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A man with a mustache staring contemplatively with a glass of wine.
Jason Stanhope and his team will open Lowland and the Quinte on Saturday, November 11.
Lindsey Shorter

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Former FIG Chef Jason Stanhope Is Ready to Show Off His Second Act in Charleston

George Street restaurants Lowland and the Quinte open this weekend

Erin Perkins is the editor of Eater Carolinas.

James Beard Award-winning chef Jason Stanhope vacated his longtime station at FIG (232 Meeting Street, Charleston) only a few months ago, but his latest projects, the Quinte and Lowland (36 George Street), are ready to open this Saturday, November 11.

Philadelphia-based hospitality company Method Co. scooped up Stanhope to revamp the Quinte, which is connected to boutique hotel the Pinch, and premiere Lowland, which is located in the neighboring Lequeux-Williams House, tucked just off King Street.

A bowl of pasta, next to a glass of rose.
Pasta shells with merguez, broccoli rabe, and pecorino.
Lindsey Shorter

The Quinte opened in November 2022 and quickly gained a reputation for its seductive setting and hyper-local seafood. It shuttered suddenly in June with a promise to reopen in the fall. The newest version of the oyster bar is a little less precious; the team roughed up the walls, took down the art, and put in a soft-serve machine. Quinte 2.0 is meant to be more casual and more fun. “We want it to be a place where everybody congregates,” says Stanhope, “Whether you just got off the boat from fishing all day or you have your five o’clock tie on, I wanted it to be a choose-your-own-adventure space.”

The predetermined seafood tower sizes are gone, and customers will be able to select which raw bar items they want to consume with a sushi-style ordering card. “If you want three oysters, one stone crab claw, a mini martini, and half a lobster roll, you can create that,” says Stanhope.

Adjacent to the Quinte sits Lowland, which is divided into the Tavern on the first floor and the Dining Room on the second floor. The Tavern, which opens this weekend, is the more laid-back experience. When the Dining Room eventually opens, it will be a tasting menu-only spot.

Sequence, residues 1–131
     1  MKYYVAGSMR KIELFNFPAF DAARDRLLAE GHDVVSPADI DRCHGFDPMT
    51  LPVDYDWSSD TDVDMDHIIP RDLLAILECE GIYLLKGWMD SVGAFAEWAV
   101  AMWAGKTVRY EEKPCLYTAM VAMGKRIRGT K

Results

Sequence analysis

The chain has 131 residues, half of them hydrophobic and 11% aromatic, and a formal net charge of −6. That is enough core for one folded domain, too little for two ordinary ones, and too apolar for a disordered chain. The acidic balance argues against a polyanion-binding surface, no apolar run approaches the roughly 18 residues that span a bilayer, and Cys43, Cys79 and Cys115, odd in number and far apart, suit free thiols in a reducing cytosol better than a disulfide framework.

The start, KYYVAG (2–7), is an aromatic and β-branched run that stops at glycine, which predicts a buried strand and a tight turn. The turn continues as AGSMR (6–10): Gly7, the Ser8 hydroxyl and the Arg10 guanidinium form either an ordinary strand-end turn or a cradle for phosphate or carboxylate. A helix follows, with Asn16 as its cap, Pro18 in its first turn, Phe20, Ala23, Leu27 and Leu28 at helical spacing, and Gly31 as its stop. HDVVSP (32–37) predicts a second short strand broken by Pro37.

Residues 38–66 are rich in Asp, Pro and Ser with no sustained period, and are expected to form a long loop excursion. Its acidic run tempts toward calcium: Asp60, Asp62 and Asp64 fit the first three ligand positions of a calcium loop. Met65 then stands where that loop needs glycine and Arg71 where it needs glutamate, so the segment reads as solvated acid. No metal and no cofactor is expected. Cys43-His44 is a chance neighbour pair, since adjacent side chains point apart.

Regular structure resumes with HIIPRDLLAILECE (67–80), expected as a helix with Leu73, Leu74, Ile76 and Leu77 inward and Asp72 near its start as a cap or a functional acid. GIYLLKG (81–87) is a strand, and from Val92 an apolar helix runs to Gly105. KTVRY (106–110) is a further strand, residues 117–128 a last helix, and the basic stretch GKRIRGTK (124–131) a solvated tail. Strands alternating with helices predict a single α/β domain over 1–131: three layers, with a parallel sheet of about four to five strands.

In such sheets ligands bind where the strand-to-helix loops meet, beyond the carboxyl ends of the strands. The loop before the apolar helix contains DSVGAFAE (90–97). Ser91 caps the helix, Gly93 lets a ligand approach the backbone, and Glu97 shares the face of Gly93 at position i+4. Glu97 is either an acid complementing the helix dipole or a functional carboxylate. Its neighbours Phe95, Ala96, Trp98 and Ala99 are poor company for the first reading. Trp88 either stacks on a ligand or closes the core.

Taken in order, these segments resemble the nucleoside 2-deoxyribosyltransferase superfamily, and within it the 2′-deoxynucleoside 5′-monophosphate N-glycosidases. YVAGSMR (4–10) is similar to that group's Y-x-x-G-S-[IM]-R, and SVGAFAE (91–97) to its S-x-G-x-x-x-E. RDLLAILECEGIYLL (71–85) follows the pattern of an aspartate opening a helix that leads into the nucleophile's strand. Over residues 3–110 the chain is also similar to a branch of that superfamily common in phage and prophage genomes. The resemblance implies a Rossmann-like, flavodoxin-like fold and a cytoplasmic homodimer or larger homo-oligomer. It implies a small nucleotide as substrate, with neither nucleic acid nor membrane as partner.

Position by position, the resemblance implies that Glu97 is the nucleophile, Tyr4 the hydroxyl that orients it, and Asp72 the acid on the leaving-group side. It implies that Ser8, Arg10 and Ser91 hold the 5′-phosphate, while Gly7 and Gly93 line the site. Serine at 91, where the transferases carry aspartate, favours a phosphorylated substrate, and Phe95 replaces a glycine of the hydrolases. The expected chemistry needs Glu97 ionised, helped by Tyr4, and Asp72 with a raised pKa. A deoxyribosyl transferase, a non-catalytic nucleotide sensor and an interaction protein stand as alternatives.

The food at Lowland Tavern is meant to be approachable. There’s a burger and biscuits on the menu, but they’re finessed with the Stanhope touch. “I wanted the Tavern to be rooted in nostalgia,” he says, “I wanted it to feel comfortable, and I want people to feel good when they leave here.” The food is Southern American (Ossabaw porchetta and collards), but it’s also slightly British (banoffee pudding) with a hint of Japanese (chicken tsukune).

“We pulled from a lot of dishes that make us happy,” says Stanhope, “We were able to find some really elegant and thoughtful dishes with inspiration from taverns, pubs, and izakayas.”

When asked which item really typifies Lowland Tavern, Stanhope cites the grilled fish, “I love everything, but we’re bringing in the best fish we can find, and poaching it, steaming it, grilling it, and serving it simply in a broth with really minimal garnish. We’re not trying to cover things with microgreens over here — we’re really trying to put technique and restraint in the middle of the plate, but also have it be craveable and memorable.”

After 15 years at beloved institution FIG, Stanhope says he’s excited to create some updated classics with his new restaurants.

Lowland and the Quinte are open Thursday through Monday, from 5 p.m. to 10 p.m. For reservations, diners can email

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